Yet Izzy Sharp, the majority shareholder, is the first to admit that very few of these small touches cost real money. Most are built around the consistent, ultra-disciplined application of the principle that every little thing must be done exceptionally well. Customers not only get real value (great service) but perceived value (the hotel thinks I'm special) for which they are willing to pay.

In the States, credit unions have been battling for market share for years. Many are undertaking a program called M.O.S.T. (Member Oriented Service Training), which is all about adding basic value to any transaction right at the teller's desk. Thus M.O.S.T. concentrates on customer recognition, excellent client profiles, cross selling whenever appropriate, good manners, follow up on complaints and concerns: all the little things done consistently well, no t just as an end in themselves but because they give a credit union the value-added edge. Customers perceive that they get -- and do get --better value for their transactions than they might in a comparable financial institution.

Value-adding often takes place when two or more organizations join together to create new value where less existed before. Travel packages are an excellent example of this, where airlines, hotels and resorts combine their own strengths with others to create a value-added travel holiday which they could probably not offer on their own. Charities and corporations have discovered the many value-added benefits of working together. The company benefits in tangible, goodwill ways from its association with the charity which, in turn, usually can provide more to its recipients because of the association.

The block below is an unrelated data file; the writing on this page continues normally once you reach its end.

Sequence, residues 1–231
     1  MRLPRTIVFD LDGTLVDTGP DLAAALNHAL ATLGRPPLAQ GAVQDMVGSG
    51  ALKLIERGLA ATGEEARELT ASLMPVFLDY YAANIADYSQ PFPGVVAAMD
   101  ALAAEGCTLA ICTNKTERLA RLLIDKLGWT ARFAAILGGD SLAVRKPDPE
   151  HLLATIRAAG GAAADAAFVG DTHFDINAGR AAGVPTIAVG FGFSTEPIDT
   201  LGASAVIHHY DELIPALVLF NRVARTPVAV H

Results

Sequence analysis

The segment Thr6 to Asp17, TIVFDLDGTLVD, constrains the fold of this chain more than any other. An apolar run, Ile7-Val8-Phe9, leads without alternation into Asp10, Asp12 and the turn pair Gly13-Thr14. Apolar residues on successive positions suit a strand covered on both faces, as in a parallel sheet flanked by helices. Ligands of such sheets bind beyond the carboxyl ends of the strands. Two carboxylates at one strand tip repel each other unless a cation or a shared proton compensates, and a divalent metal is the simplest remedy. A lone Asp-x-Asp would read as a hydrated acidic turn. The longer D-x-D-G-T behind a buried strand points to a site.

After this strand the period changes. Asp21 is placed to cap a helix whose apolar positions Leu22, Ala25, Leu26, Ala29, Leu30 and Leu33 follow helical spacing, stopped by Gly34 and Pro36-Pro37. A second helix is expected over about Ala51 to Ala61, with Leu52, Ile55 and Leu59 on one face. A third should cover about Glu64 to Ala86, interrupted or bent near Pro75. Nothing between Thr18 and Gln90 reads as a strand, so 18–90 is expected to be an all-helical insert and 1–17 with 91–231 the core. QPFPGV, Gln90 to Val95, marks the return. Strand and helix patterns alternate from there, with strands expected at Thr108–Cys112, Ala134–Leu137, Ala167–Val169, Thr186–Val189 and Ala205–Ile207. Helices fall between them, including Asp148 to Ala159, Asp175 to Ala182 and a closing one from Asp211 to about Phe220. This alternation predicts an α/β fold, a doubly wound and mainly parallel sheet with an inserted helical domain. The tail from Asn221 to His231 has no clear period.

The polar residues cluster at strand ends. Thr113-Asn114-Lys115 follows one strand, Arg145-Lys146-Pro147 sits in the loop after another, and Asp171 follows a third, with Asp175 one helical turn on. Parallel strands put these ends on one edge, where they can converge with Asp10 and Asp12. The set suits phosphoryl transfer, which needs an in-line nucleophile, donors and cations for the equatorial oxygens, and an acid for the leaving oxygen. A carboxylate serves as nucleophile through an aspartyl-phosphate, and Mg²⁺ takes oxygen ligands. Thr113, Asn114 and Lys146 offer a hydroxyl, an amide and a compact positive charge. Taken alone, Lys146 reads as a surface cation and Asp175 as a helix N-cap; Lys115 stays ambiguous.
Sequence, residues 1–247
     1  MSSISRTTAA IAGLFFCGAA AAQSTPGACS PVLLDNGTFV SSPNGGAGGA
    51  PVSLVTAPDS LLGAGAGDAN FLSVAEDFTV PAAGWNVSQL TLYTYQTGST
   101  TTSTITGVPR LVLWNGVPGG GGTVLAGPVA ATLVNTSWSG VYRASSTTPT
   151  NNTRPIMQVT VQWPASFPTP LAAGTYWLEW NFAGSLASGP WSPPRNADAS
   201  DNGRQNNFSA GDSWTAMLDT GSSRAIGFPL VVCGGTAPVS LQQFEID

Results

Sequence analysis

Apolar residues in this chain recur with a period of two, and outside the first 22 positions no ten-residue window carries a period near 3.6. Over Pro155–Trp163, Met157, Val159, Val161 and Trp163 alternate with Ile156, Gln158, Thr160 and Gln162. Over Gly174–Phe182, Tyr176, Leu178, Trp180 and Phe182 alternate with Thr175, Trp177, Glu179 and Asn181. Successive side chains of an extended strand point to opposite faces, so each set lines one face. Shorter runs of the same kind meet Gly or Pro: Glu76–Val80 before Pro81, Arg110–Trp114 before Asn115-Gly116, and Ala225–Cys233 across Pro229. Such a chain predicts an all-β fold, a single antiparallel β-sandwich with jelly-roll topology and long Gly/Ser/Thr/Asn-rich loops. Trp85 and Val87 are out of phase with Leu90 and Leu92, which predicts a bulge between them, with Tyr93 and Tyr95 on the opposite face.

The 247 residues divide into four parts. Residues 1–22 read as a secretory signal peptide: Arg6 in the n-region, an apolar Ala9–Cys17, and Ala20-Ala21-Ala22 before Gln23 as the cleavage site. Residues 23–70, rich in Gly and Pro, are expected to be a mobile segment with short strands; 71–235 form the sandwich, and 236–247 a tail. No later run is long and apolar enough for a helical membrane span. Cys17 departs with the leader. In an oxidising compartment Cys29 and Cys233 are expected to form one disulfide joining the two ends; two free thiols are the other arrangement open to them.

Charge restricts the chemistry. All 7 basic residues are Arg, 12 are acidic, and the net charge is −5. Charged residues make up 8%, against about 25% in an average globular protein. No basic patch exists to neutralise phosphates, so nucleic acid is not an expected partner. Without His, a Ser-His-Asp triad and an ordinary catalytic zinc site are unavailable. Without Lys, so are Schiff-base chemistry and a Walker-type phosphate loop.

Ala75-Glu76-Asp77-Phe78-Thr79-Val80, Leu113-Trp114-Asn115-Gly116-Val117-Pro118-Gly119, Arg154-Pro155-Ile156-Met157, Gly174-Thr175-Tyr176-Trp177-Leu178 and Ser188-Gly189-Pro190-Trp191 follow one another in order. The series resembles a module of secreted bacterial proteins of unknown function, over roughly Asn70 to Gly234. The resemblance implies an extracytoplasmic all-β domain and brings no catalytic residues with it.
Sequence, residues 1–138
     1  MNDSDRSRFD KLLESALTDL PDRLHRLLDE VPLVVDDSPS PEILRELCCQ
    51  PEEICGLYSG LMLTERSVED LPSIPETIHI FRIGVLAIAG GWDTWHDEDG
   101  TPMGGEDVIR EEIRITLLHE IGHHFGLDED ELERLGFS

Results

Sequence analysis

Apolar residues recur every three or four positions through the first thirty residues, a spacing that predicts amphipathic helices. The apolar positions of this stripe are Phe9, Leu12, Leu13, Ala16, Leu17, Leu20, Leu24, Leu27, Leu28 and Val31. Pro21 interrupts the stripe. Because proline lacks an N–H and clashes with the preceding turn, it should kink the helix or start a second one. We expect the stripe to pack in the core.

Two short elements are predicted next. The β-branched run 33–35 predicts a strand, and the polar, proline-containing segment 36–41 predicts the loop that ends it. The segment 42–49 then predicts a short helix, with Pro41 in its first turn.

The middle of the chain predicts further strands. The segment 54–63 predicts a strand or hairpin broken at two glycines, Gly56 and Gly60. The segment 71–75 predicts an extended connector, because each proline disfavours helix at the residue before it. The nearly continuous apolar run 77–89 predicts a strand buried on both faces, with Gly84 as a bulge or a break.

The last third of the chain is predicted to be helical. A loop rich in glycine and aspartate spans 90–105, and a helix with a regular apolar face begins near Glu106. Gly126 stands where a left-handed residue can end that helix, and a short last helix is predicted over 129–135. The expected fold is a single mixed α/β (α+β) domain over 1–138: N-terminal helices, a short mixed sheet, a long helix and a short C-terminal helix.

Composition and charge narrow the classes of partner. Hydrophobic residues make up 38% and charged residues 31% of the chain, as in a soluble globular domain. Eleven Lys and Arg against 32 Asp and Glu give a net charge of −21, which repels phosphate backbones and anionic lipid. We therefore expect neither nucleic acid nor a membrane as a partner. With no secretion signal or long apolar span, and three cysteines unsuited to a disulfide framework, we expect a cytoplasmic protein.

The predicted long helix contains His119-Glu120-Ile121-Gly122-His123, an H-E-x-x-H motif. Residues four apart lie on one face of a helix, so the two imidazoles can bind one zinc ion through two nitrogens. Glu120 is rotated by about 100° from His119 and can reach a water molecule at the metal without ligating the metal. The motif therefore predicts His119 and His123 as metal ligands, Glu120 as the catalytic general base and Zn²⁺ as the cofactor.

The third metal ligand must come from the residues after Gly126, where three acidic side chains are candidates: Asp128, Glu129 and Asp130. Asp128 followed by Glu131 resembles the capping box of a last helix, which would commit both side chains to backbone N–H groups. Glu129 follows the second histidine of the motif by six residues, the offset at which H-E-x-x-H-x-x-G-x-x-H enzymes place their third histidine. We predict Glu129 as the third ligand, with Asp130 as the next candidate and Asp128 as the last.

Retailers used to say that success in retailing boiled down to three words: location, location and location. Those days may have gone, but certainly an excellent location adds value to anything you do. If you have a corner store on Rodeo Drive (not likely, but dream) you can bet that your gum, newspapers and other miscellany will all command higher prices than if your location was on a windy corner in suburbia.

The same is true of distribution networks. It may be more expensive for you to deliver all your goods with your own drivers and vans than it would be to contract this out. But if clients perceive they get real value from the personal aspect of dealing with your people, in your transportation, then the extra cost may be worth it, especially if you can charge extra for this distribution network.

You can take almost any product and service and add value to it, if that meets your marketing requirements. Birks, the jewellery empire, long ago learned the added value its famous blue boxes represent. In the ultra-competitive fast food business, Wendy's is carving out a market niche by positioning itself as an eatout option with real value (nutrition, variety) added to its offerings.

So, take a look at products and services that may have been snoozing along for a while. Can you revitalize them -- and the profits they generate -- by adding value to them? Remember that in so doing, you must also take a hard look at all the marketing associated with them. If your client base cannot perceive that you have added value and understand what is in it for them, they still won't buy the product. So add value not only to your product, but to every marketing message associated with it.
COPYRIGHT 1992 Canadian Institute of Management
No portion of this article can be reproduced without the express written permission from the copyright holder.
Copyright 1992 Gale, Cengage Learning. All rights reserved.

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Author:Barrow, Peter
Publication:Canadian Manager
Date:Mar 22, 1992
Words:1222